An Air NZ flight from New York was diverted to Fiji due to ‘unusually strong winds’

Air New Zealand’s non-stop flight from New York to Auckland was forced to make an unscheduled landing in Fiji during its first week of service.

Flight NZ1 has been redirected to Nadi International Airport, according to Flightradar24. The flight was scheduled to leave New York’s John F Kennedy Airport at 9:55 p.m. Thursday local time, but was delayed until 11:31 p.m.

He is now due to arrive in Fiji around 7.30am on Saturday local time and is expected to arrive in Auckland at 11.15am.

Air New Zealand’s Director of Operational Integrity and Safety, David Morgan, confirmed the flight would make a “short stopover” in Fiji due to “unusually strong winds on its flight path”.

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“The forecast headwinds along the way are significantly stronger than usual – stronger than our 12 months of modeling and other data going back much further,” Morgan said.

The New York nonstop route is served by the Boeing 787-9 Dreamliner.

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The New York nonstop route is served by the Boeing 787-9 Dreamliner.

“Nadi refueling is our standard contingency plan for these circumstances and has also been used in previous years for other routes on our network. Although these types of headwinds are very rare, they do occur and we we planned it.”

Morgan said all 210 customers were notified of the delay before departure and the airline was working to rebook any further travel.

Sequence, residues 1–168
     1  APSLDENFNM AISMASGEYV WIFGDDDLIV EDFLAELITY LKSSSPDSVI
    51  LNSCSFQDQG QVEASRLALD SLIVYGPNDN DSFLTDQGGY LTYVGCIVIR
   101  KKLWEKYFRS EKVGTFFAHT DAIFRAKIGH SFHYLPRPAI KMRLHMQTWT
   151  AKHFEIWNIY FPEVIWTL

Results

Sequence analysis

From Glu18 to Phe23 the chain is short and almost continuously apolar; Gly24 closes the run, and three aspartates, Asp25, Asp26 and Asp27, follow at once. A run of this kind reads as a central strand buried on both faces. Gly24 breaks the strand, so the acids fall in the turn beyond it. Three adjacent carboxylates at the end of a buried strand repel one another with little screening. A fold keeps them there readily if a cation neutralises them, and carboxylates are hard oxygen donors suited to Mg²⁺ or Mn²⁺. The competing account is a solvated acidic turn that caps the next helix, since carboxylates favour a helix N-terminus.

There was no freight aboard the southbound route from New York, and seats had been intentionally left unsold to manage the weight.

“We’ll have NZ1 home safe and sound – just a bit later than expected.”

The flight is only the third service from New York since the highly anticipated route launched last weekend, and the route’s second problem in a week. The first flight from New York, which arrived in Auckland on Monday, saw around 65 passenger bags abandoned in the Big Apple.

Air New Zealand chief operating officer Alex Marren said the airline unloaded the bags so the flight could take on more fuel to get around a forecast cyclone.

Earlier this week, aviation commentator Irene King predicted the flight might occasionally have to stop over in destinations like Hawaii or Fiji in adverse weather conditions.

Indeed, the Boeing 787-9 used on the service was approaching the upper limit of its flight envelope on the nonstop route, which has an expected flight time of 17 hours and 35 minutes.

King said Air New Zealand should make it clear to travelers that its “nonstop” service to New York can sometimes involve baggage delays or stopovers.

“I think they need to pick up customer service messages about potential risks,” she said.

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